Searchable abstracts of presentations at key conferences in endocrinology
Endocrine Abstracts (2014) 35 P341 | DOI: 10.1530/endoabs.35.P341

ECE2014 Poster Presentations Diabetes (epidemiology, pathophysiology) (63 abstracts)

Exenatide protects pancreatic islets against brain death-induced inflammation and viability loss

Rodrigo Carlessi 1, , Ana Luiza Dias 1 , Andrea Bauer 1 , Luis Henrique Canani 1, , Cristiane Leitao 2 & Daisy Crispim 1,

1Hospital de Clinicas de Porto Alegre, Porto Alegre, Rio Grande do Sul, Brazil; 2Post-Graduation Program in Medical Sciences: Endocrinology, Federal University of Rio Grande do Sul, Porto Alegre, Rio Grande do Sul, Brazil.

Introduction: Pancreatic islet transplantation is an attractive approach to re-establish glycemic homeostasis in patients with brittle type 1 diabetes. However, islet damage along the isolation procedure limits the availability of viable islets for transplantation. The donor’s brain death (BD) is among the factors contributing for islet quality loss in this scenario. Exenatide, a glucagon-like peptide-1 (GLP1) analog, exerts anti-inflammatory effects leading to an increase in islet cell viability in vitro. Here, we hypothesize that this drug could alleviate the damage caused by BD on pancreatic islets, thus improving the quality of such islets for transplantation. We proposed a study in a murine model of BD in which the administration of Exenatide was evaluated in respect to islet quality parameters.

Methods: Animals were separated into three groups: Sham, BD, and BD plus Exenatide 5 μg/kg (EXE). Islet viability was determined by FDA/PI assay, and gene expressions of IL-1β and Bcl-2 were assessed by RT-qPCR.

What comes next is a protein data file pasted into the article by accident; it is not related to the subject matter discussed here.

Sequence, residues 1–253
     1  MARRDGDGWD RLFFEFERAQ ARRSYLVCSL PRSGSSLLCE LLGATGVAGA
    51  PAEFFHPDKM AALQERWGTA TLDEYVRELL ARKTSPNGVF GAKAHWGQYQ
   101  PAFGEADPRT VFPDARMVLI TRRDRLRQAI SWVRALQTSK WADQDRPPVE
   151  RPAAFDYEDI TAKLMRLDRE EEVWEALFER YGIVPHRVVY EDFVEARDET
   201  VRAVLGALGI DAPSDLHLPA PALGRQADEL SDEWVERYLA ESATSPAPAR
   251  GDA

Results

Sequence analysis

Results: A striking viability reduction was observed in islets isolated from the BD group vs sham and EXE groups (59.8±15.5% vs 88.6±4.8 vs 91.6±0.6; P=0.011). Furthermore, a robust and significant increase in IL-1β gene expression was seen in the pancreatic tissue of animals from BD group (17.5±12.1 vs 1.9±1.7 vs 1.9±2.6 arbitrary units (AU), P=0.012). Our data also suggest a greater expression of Bcl-2 in islets originated from the BD group (1.36±0.12 vs 1.0±0.25 vs 0.93±0.28 AU; P=0.11). Although this difference was not formally statistic, it suggests a compensatory effect to counteract the excessive cell death induction in islets originated from the BD group.

Conclusion: Our data indicate an increase in the inflammatory state as well as a reduction in the cell viability of islets isolated from the BD group. Exenatide administration following the establishment of the BD seems to protect the islets against such deleterious effects.

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